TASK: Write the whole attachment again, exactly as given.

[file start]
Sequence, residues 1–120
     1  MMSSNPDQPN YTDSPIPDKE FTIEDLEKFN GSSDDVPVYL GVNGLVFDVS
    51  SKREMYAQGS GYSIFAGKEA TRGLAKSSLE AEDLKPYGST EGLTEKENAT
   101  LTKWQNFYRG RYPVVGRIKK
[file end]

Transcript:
Sequence, residues 1–120
     1  MMSSNPDQPN YTDSPIPDKE FTIEDLEKFN GSSDDVPVYL GVNGLVFDVS
    51  SKREMYAQGS GYSIFAGKEA TRGLAKSSLE AEDLKPYGST EGLTEKENAT
   101  LTKWQNFYRG RYPVVGRIKK